It looks like NFC will play a significant role in this year’s annual Mobile World Congress in Barcelona.
Google will be there promoting its mobile wallet and the organization behind the event is deploying it at 20,000 checkpoints and in taxis in the area so attendees with NCF-enabled phones can pay on the fly.
But NFC (Near-Field Communication) is still really at the starting gate when it comes to mobile payments. Aside from the technology not yet included in most mobile phones, notably all those from Apple, two distinct markets haven’t fully resolved what to do with it.
On the industry side, credit card companies and banks obviously have a large vested interest in NFC for payments. To that end, Visa will be running conference events relating to building the ecosystem for NFC services and MasterCard will be running events relating to payments.
MasterCard’s executive of mobile, Mung Ki Woo, recently suggested to me the likely scenario for NFC payments is that the number of transactions will increase due to the growing number of people with mobile phones who have never had a credit card.
On the consumer side, people are starting to see potential uses of NFC-enabled phones for non-payment activities. A movie launch in London and New York recently used NFC in posters so passersby could get a quick video and the phone company consortium Isis is now conducting a relatively small trial of mobile payments in Austin and Salt Lake City.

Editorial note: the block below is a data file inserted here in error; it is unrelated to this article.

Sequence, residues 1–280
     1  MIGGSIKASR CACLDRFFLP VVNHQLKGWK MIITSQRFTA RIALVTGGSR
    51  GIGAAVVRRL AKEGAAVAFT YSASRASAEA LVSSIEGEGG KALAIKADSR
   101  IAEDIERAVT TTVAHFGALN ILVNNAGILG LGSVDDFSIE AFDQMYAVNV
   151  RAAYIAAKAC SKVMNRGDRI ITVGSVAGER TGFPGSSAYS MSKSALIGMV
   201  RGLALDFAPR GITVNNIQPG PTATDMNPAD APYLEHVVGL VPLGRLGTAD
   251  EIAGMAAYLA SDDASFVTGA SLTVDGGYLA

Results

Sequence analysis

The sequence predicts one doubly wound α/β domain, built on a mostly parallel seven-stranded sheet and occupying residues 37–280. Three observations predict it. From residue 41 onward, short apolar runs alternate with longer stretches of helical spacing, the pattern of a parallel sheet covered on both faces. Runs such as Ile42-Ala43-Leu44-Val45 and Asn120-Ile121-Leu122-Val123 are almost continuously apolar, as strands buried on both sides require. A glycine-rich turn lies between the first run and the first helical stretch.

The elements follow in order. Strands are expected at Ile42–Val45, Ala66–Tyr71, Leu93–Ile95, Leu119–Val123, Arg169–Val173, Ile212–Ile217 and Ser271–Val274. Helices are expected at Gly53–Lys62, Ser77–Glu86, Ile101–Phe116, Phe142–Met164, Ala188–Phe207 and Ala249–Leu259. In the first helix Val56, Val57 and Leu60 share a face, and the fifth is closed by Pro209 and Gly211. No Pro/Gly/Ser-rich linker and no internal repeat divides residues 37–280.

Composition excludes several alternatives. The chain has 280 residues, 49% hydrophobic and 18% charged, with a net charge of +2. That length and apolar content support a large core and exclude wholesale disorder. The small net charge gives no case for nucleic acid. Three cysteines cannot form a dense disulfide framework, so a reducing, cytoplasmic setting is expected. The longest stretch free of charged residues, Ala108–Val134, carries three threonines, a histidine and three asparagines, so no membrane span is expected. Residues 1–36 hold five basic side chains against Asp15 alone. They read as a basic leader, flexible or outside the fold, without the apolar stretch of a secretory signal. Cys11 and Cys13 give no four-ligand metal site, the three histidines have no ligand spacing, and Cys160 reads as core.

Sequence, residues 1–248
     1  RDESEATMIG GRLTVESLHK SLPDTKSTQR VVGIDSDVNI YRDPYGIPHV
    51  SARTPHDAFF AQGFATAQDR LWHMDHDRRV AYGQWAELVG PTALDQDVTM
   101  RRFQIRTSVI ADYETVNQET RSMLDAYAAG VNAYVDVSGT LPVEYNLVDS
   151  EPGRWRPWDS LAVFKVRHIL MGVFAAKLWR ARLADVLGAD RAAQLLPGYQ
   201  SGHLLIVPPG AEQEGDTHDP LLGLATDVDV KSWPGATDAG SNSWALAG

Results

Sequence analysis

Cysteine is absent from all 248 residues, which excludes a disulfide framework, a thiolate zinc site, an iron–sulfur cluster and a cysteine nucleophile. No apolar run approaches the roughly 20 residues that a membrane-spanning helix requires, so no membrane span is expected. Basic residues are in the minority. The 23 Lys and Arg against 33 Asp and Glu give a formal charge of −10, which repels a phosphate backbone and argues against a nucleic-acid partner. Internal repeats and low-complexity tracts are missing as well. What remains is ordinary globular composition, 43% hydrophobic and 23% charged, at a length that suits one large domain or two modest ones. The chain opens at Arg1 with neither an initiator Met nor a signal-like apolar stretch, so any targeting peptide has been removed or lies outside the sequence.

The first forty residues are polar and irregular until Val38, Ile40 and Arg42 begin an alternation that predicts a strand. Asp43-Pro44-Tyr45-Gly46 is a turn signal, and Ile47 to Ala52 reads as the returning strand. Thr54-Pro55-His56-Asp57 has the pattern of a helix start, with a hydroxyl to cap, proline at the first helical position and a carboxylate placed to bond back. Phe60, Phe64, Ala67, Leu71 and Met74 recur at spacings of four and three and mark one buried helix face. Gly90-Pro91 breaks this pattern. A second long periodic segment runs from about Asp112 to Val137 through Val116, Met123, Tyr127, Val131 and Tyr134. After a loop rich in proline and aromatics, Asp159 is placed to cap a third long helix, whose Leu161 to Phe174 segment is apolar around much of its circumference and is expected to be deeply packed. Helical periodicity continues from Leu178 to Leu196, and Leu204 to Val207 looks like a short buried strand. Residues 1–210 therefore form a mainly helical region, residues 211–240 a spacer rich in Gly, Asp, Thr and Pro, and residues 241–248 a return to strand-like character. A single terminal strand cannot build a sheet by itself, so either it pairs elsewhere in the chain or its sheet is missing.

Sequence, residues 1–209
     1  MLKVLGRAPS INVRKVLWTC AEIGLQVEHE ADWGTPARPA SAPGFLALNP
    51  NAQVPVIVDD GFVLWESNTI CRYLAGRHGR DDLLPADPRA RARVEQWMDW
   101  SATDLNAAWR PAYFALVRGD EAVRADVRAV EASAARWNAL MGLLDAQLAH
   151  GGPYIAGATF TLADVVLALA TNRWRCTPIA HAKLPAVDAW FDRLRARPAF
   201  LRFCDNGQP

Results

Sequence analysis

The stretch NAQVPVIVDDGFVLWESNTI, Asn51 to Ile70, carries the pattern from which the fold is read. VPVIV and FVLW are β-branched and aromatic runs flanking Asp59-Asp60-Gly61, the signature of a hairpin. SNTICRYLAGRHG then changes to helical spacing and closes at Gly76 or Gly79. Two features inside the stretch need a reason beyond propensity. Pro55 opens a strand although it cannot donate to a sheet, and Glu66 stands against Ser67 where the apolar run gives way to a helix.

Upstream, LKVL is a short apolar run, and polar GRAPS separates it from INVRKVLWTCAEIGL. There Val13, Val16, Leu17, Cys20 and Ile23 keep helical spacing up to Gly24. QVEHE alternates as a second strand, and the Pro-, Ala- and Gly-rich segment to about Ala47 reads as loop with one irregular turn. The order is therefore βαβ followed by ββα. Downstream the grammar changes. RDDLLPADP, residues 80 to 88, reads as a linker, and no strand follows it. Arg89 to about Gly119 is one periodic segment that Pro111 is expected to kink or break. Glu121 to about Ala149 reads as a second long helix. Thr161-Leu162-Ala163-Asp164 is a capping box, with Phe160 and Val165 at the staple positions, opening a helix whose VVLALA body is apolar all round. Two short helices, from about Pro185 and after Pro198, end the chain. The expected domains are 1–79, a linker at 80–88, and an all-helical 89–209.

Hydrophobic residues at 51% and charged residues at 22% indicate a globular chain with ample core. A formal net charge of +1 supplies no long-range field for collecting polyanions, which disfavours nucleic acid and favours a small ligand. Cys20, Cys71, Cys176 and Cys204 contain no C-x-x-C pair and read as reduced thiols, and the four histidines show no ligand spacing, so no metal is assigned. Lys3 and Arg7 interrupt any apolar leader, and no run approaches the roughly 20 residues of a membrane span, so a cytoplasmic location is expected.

The current approach of Visa, MasterCard and others involved is to educate the mobile industry to build awareness as well as all the connecting platforms needed to make NFC work at scale.
To appeal to consumers, that industry will have to show that making payments are either valuable or as easy, if not easier, than with a trusty old credit card, a steep hill indeed.
More likely, NFC will initially be used for activities outside of mobile payments, such as bumping phones to exchange information, getting transportation information at transit stations and checking in. The transaction itself will be driven by the value sent and received.
The physical behaviors of using phones interactively – by physically bumping or swiping them – could be the initial runway for mobile payments to take off.